The news that Waterford City and County Council is to finally move to tackle eyesore properties in The Glen has been widely welcomed by those who’ve watched one of the old town’s most iconic districts fall into decay.

Local Fianna Fáil councillor Eamon Quinlan has received confirmation from the local authority’s Derelict Sites team that they have embarked on a campaign to pursue the owners of abandoned buildings, including the landmark former ‘Showboat’ pub and snooker club.

“The Glen was once at the beating heart of Waterford City, acting as a centre piece of commerce, transit and residential tenancies,” he says. However, over the past decade or more, numerous homes and businesses in this part of the inner city have boarded up.

The presence of so many run-down properties at “a main point of entry” into Waterford has created “a poor first impression,” the former mayor acknowledges, and it’s a situation that’s “all the more galling given the current demands for housing.”

He noted that on the national Pobal index of deprivation, The Glen and its surrounding area is classified as one of the most deprived areas of Waterford City – a far cry from its “heyday” as “the cradle of businesses such as Denny’s” when hundreds were employed and living there.

He believes the area still “has a lot going for it given how many people pass through it each day along with its proximity to areas like Ballybricken and the Cultural Quarter.

“Individuals made decisions to leave these properties idle and it is holding back the community that is still here. It has been a long road in pushing for the Council to break out the resources to truly tackle the area but to me it is a no brainer,” he added.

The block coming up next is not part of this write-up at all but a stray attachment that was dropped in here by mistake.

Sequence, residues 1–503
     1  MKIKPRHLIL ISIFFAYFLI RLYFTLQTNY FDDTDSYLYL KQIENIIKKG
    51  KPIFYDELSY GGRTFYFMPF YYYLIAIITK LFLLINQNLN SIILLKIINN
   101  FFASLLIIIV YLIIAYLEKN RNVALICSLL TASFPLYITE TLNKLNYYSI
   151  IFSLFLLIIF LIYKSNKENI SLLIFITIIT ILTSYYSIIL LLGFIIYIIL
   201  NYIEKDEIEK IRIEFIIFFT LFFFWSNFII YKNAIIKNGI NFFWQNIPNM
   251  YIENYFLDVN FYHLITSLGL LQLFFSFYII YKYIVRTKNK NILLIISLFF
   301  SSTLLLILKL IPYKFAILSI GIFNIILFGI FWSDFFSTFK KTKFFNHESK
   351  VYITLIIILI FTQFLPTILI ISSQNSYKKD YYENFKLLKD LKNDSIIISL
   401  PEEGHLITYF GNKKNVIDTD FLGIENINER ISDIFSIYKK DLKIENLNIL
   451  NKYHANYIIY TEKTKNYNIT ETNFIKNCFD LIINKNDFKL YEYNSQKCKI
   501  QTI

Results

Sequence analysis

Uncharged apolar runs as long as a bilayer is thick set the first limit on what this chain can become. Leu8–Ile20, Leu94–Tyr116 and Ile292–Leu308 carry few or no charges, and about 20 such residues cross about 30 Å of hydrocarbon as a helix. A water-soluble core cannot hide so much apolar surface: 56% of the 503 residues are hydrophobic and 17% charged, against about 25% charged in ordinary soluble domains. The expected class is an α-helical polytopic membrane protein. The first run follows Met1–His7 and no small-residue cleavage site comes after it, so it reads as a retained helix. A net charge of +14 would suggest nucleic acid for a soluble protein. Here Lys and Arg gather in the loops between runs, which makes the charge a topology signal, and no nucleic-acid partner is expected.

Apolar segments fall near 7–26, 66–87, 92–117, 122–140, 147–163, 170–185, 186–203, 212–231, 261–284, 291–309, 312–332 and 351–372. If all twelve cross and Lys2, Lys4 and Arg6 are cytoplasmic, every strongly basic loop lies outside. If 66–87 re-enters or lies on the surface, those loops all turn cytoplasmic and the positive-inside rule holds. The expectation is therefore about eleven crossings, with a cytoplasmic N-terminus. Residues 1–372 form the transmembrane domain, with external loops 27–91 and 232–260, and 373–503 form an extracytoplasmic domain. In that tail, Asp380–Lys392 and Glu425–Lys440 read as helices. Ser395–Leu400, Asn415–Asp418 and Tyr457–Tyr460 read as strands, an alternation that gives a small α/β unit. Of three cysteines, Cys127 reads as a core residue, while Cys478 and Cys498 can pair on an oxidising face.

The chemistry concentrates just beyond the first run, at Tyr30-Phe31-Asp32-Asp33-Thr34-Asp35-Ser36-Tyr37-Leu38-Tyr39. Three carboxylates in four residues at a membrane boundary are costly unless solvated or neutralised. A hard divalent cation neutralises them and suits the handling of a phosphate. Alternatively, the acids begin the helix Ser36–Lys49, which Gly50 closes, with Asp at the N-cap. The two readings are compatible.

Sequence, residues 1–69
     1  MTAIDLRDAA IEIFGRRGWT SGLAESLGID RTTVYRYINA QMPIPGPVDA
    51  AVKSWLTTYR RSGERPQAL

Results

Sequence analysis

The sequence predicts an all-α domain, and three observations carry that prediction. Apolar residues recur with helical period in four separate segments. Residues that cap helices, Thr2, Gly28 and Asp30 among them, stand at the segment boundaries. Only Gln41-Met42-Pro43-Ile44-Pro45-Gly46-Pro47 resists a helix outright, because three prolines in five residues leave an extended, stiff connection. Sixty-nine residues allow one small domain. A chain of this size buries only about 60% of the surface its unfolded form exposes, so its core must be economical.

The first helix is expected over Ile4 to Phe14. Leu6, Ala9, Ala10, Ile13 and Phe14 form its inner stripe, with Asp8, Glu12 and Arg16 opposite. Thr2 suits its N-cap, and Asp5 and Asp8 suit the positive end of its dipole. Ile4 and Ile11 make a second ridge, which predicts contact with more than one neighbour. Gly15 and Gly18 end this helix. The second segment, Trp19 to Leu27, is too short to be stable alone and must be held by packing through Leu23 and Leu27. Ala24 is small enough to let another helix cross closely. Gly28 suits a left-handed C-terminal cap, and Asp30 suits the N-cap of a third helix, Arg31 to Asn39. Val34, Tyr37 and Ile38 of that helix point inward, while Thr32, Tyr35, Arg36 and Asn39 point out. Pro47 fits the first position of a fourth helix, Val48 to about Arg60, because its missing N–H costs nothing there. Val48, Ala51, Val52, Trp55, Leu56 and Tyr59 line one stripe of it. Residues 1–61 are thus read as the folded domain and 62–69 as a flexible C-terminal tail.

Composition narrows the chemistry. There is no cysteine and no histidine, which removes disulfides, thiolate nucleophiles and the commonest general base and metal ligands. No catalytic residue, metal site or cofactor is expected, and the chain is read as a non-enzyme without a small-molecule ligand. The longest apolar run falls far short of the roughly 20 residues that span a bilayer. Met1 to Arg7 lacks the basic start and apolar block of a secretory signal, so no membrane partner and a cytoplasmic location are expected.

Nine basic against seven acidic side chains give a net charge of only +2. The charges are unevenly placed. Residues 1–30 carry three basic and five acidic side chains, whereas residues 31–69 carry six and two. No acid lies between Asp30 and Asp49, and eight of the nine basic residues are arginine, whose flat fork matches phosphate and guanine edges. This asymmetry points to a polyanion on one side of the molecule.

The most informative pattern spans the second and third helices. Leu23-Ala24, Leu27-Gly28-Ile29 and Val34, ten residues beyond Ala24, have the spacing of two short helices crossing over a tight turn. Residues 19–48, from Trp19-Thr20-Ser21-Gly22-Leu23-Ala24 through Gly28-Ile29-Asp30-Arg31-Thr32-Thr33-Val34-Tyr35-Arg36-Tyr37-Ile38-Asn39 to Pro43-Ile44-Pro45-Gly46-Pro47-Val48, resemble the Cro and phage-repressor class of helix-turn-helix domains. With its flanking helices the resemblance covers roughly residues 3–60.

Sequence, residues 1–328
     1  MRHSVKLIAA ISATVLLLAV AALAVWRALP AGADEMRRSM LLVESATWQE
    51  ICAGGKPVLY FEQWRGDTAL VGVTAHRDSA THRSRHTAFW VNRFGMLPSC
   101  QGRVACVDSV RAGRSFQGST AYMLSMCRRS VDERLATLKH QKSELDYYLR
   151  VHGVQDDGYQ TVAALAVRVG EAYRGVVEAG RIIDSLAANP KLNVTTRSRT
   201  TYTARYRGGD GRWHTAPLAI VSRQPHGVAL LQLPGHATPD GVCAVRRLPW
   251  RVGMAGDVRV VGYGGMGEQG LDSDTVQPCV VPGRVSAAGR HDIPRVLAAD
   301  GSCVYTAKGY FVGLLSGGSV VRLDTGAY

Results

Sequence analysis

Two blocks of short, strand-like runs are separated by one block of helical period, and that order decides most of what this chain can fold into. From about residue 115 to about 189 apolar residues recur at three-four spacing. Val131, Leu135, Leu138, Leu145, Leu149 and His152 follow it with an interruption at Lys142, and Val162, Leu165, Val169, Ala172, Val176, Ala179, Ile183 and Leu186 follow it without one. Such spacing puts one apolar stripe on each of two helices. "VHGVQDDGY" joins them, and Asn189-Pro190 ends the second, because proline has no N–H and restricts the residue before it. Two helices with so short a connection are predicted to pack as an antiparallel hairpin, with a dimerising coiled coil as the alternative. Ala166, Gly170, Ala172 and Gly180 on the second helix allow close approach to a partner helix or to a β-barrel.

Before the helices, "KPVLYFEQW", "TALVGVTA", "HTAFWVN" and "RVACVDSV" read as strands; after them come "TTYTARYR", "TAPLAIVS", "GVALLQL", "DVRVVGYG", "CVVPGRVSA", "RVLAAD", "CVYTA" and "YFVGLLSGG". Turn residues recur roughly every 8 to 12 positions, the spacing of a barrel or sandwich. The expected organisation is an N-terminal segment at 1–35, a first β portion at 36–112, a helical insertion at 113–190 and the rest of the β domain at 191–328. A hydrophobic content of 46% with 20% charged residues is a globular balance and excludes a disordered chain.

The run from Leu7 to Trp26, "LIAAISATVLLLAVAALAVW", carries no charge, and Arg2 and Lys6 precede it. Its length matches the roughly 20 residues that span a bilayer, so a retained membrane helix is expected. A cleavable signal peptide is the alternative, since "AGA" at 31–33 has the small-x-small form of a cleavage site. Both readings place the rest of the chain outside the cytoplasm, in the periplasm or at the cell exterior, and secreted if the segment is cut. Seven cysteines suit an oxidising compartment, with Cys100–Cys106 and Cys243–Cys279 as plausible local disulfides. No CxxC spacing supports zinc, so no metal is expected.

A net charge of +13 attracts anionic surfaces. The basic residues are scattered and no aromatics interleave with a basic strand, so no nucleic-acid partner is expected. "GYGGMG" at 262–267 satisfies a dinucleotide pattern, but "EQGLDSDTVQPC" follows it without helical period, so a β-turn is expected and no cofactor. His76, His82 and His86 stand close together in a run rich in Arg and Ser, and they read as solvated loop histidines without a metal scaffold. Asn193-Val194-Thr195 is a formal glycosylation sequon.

Waterford Council investigates reports of dereliction and undertakes action in accordance with the Derelict Sites Act 1990. This legislation allows it to include a property on a Derelict Sites Register, and to serve notice on the owner specifying works to be carried out to prevent or stop dereliction or placing the site on the register.

The Council also has the option of carrying out the necessary works themselves and charging the site owner(s) for the cost. To encourage owners to act, they can impose an annual levy of 7% of the market value, or in some cases, acquire a derelict site by agreement or compulsory purchase order.

As of now, a Derelict Sites notice has been placed on the front doors of the old ‘Showboat’ bar (whose owner is Minghui Song of Tullow, Co Carlow) as well as several adjacent houses. “I am aware that other properties in the immediate area are also under consideration for action under the Derelict Sites Act,” Cllr Quinlan says.

“These properties are all ones that have been abandoned for many years so there is not much of an argument against the Council taking a firm hand here.”

While the owners have an opportunity to restore the buildings themselves, if they don’t, “I intend for us to adopt responsibility here and get stuck into the whole area in a concerted manner rather than a piecemeal approach,” the FF representative continued.

“The Council have also purchased the large apartment block in between the Forum and Aldi. There are several routes to water here as the saying goes and we should plump for all options to get families living in these houses again, restore old properties, and reward those who have stayed loyal to the area by giving them good neighbours… and potentially new customers for those operating businesses in the area.”

When asked about the prospect of ‘The Showboat’ being restored as a pub, Cllr Quinlan said it was important that the process was “followed correctly to avoid challenges and that after a reasonable amount of time, should the current owners fail to take the required action as defined under the Act, then the Council can move to restore them.

“The Council would make lousy publicans. There already are several pubs in the area. If the Council wind up calling the shots here, most likely it would be repurposed into accommodation similar to say what happened to the Old Black Tie menswear of Patrick Street in the City or the old St Ledger Pub in Tramore,” he suggested.

 Jamie O’Keeffe